Pius Utomi Ekpei / AFP - Getty Images, file
A man walks near spilled crude oil in the Niger Delta swamps of Bodo, a village in the Nigerian oil-producing region of Ogoniland, in June 2010.
LONDON -- Around 11,000 Nigerian villagers who say their livelihoods were ruined in oil spills launched a legal battle Friday to seek compensation from Shell.
The case marks the first time any oil firm has faced claims in the U.K. from a community in the developing world for environmental damage caused by oil extraction operations, the villagers' lawyers said.
Shell, the largest international firm operating in Nigeria, admitted liability for two oil spills in August 2011. However, the two sides dispute the amount of oil spilled and the extent of the damage caused, one of the villagers' London-based lawyers told msnbc.com.
At the crux of the disagreement is whether the spills that devastated the area were due to so-called operational failures on the part of Shell, or if they were the result of sabotage, illegal refining and theft.
Shell Petroleum Development Company (Nigeria) has admitted responsibility for two spills amounting to around 4,000 barrels.
However, experts representing people in the Bodo community, a network of 35 villages whose inhabitants were mainly subsistence fishermen and farmers, maintain that amount is closer to 600,000 barrels, one of the villagers' lawyers told msnbc.com.
"We have urged them to have their expert work with our expert," said Martyn Day of law firm Leigh Day & Co. "But (Shell has) totally refused."
Day said that negotiations broke down last week.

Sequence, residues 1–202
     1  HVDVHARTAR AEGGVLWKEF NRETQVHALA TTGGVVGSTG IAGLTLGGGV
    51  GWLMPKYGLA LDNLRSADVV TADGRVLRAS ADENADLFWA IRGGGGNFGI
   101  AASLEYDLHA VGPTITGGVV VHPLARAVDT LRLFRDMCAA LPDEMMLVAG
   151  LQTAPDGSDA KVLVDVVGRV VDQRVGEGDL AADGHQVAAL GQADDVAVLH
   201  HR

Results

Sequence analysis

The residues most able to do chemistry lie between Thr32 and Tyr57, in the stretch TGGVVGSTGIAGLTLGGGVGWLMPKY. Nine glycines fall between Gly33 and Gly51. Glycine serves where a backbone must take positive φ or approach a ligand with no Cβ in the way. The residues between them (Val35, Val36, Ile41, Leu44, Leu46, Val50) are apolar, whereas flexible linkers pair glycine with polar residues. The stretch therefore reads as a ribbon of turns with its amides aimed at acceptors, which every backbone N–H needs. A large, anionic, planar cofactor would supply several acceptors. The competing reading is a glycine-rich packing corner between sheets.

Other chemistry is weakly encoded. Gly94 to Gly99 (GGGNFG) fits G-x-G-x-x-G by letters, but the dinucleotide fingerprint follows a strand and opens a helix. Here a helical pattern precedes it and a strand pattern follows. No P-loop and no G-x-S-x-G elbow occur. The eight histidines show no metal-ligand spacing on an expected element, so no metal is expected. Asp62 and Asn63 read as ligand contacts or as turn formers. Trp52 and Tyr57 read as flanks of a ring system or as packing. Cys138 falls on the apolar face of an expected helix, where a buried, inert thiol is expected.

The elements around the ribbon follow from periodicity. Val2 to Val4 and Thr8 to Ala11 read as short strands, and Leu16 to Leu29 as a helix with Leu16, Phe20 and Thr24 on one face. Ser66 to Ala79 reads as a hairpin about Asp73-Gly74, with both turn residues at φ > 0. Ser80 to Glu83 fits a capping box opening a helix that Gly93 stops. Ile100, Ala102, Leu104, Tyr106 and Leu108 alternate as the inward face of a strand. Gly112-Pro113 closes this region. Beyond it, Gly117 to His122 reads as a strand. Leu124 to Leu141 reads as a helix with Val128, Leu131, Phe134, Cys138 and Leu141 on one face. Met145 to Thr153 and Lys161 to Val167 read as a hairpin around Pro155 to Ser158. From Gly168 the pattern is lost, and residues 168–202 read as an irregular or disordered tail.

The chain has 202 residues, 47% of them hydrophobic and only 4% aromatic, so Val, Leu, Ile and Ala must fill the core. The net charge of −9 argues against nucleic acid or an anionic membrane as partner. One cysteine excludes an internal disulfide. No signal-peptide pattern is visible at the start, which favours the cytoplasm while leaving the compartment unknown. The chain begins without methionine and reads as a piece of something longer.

'No need for the legal activity'
Shell spokesman Jonathan French told msnbc.com that the firm cannot discuss details of the legal process, but said the company was dismayed that the case was going to court.
"There really has been no need for the legal activity which has delayed the the payout and cleanup," he said. "We accepted responsibility at the earliest point we could ... there was no need for this firm of London solicitors to take action."
"Nobody is saying is that there isn’t a problem with oil spills in the Niger Delta," French added. "The point is that there is this formula enshrined in Nigerian law that spells out level of compensation."
Instead of resorting to court, the villagers should have followed the process already in place in Nigeria, French said, adding that the involvement of law firms such as Leigh Day "can serve to delay compensation."
Shell paid out $4 million in compensation to victims of operational oil spills in 2009, and $1.7 million in 2010, French said.
Shell has been criticized for its behavior in Nigeria before.
In Aug. 2011, the United Nations released a report saying the company and the Nigerian government had contributed to 50 years of pollution in the Niger Delta that could need the world's largest ever oil cleanup. The work would take up to 30 years and require an initial tab estimated at $1 billion, the report said.
On February 17, Amnesty International issued a report saying that:
"Shell's failures persist despite significant evidence based calls on the company to make meaningful changes in the way it operates in the Niger Delta. In 2011 the evidence confronting Shell was confirmed in a ground-breaking study by the United Nations Environment Programme (UNEP) that looked at the impact of oil pollution in the Ogoniland region of the Niger Delta. The UNEP report confirmed that serious environmental damage had occurred in Ogoniland, one area of the Niger Delta, over many years. It found systemic failures in Shell’s approach to cleaning up pollution and rehabilitating land, which have exposed tens of thousands of people to a sustained assault on their economic, social and cultural rights."